KULIM: The family members of the late Muslim scholar Kassim Ahmad are at peace with his passing earlier this morning, with his eldest daughter saying he had a “beautiful” death.
His daughter, who declined to be named, said in her father’s final hours, she had whispered to him to “hang on” until his grandchildren from Australia arrived to see him.
“As two of his eldest grandchildren arrived, he stopped breathing. He was so calm. He had a beautiful death. It was like he had make-up on.
“The way he died shows he was with God and his believers. There were no struggles,” the woman, who is in her 50s, said when met at Kassim’s home at the Kulim Golf and Country Resort here today.
Recalling better days, she said Kassim had been full of life and was the most informed person in the family despite being advanced in age.
As part of his daily routine, she said, he would go through news sites and blogs and read the Quran.
“He always told us to read the Quran daily with a critical mind. He also told us not to listen to every hadith or ulama, as it was all manmade. ‘Quran is the true way’, my father always said.”
She said a few days before Kassim slipped into his coma, he reminded them of a saying, “Kun Fayakun”, which is Arabic for “be, and it is”.
“He lived by this quote from the Quran for the whole of his life.
“My father also lived by another Quranic principle that ‘every soul will have a taste of death’ from Surah Al Imran. So death for him was imminent,” she said.
Kassim’s eldest grandson, 20-year-old Adam Parkins, said he would carry on his grandfather’s legacy in Australia.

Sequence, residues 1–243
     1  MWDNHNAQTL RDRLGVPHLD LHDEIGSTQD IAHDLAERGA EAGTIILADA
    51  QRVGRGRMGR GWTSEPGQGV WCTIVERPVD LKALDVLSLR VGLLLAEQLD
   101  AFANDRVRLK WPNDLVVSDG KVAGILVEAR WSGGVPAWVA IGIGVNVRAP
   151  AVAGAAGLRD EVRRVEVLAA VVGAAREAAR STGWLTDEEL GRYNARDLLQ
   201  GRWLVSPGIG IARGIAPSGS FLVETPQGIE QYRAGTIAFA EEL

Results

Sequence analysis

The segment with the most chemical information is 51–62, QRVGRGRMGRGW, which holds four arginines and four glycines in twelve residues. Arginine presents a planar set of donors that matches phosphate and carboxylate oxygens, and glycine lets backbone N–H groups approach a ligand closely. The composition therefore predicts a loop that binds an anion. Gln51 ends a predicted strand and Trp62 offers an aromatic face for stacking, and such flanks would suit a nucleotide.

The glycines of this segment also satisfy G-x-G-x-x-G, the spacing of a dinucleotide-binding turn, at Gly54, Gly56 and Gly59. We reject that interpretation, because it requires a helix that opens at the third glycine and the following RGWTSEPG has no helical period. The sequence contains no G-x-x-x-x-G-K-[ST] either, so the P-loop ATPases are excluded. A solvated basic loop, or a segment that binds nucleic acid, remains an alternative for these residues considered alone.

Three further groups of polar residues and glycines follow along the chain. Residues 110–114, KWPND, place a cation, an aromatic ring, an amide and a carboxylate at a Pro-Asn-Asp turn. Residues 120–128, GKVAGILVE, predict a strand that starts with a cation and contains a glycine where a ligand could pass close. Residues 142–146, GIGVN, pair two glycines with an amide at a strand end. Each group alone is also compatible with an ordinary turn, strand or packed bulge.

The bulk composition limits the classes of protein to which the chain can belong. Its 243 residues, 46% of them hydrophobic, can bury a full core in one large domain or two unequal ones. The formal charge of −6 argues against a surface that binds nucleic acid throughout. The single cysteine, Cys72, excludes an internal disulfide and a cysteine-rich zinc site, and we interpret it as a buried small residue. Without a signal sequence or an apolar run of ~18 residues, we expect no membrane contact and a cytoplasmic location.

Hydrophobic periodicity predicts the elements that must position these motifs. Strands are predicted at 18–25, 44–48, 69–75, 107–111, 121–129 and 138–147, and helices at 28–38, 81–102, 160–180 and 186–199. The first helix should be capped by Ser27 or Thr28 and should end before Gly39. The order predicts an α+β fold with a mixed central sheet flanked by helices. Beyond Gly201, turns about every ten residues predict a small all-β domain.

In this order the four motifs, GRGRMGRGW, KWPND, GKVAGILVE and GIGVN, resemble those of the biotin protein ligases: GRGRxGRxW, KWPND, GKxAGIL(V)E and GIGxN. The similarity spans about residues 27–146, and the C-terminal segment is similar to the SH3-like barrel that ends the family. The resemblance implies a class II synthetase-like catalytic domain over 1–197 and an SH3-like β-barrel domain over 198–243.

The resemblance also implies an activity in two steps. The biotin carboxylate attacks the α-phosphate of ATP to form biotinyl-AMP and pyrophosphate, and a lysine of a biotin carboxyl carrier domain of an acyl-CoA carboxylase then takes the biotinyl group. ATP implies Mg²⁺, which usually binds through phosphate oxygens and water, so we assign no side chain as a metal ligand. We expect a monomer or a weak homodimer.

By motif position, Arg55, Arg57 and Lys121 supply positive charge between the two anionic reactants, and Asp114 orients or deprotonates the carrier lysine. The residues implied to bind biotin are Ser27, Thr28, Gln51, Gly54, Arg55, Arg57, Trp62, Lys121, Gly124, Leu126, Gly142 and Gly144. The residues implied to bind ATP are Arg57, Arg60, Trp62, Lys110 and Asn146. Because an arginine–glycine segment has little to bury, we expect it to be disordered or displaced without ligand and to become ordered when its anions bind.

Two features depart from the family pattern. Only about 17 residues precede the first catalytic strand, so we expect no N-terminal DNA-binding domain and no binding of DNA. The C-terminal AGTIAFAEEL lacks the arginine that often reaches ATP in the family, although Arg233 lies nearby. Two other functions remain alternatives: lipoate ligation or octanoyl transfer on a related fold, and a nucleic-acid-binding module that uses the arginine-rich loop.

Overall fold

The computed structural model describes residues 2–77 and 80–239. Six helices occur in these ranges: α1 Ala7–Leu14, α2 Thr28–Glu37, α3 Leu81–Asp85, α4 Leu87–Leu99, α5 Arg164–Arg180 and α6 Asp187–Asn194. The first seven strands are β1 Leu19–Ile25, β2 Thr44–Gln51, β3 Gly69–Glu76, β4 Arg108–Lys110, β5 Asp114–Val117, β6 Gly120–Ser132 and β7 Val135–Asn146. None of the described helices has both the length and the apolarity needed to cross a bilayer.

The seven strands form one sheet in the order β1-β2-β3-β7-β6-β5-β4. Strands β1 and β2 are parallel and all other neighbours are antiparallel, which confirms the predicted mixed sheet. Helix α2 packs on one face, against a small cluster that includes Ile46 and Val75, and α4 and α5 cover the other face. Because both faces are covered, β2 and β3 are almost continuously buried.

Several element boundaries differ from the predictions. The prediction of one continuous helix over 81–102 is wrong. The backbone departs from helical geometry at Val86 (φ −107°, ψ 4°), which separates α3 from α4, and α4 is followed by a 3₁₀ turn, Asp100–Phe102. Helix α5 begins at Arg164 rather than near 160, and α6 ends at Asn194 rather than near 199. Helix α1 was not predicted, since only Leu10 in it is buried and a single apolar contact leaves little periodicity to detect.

“I met my grandfather last year, and he asked me if I wanted to be like him some day.
“I said, why not. I want to be like him,” the construction management undergraduate said.
Kassim’s son, Ahmad Shauqi Kassim, 50, said he would continue to fight for compensation from a court case his father had previously won.
“He asked us to fight for his rights. He wanted us to carry on fighting since he had been put through many years of hardship.
“My father had been unjustly treated. He was an intellectual but was deemed deviant and banned from giving any speeches,” Shauqi told reporters amid tears.
Kassim leaves behind his wife of 57 years, Shariffah Fawziah Syed Yussoff Alsagoff, 79; two daughters and a son in their 50s; and 11 grandchildren aged 13 to 31.
He had been hospitalised for the second time due to a lung infection before slipping into a coma and dying. He was 84.
Kedah-born Kassim was best known for his literary works, “Universiti Kedua” (Second University), which includes his experience of being detained under the Internal Security Act (ISA), and “Hadith: A Reevaluation”, a critical study on the authority of the hadith as a source of Islam.
Aside from an honorary Doctorate of Letters conferred by Universiti Kebangsaan Malaysia (UKM), he did not receive any accolade from the government for his contribution to literature and other intellectual works.
He was also a poet and writer, which eventually led to his renewed interest in Islam in the early 1970s.
Kassim is expected to be buried at the Tanah Perkuburan Masjid Kilang Lama cemetery here after mahgrib prayers.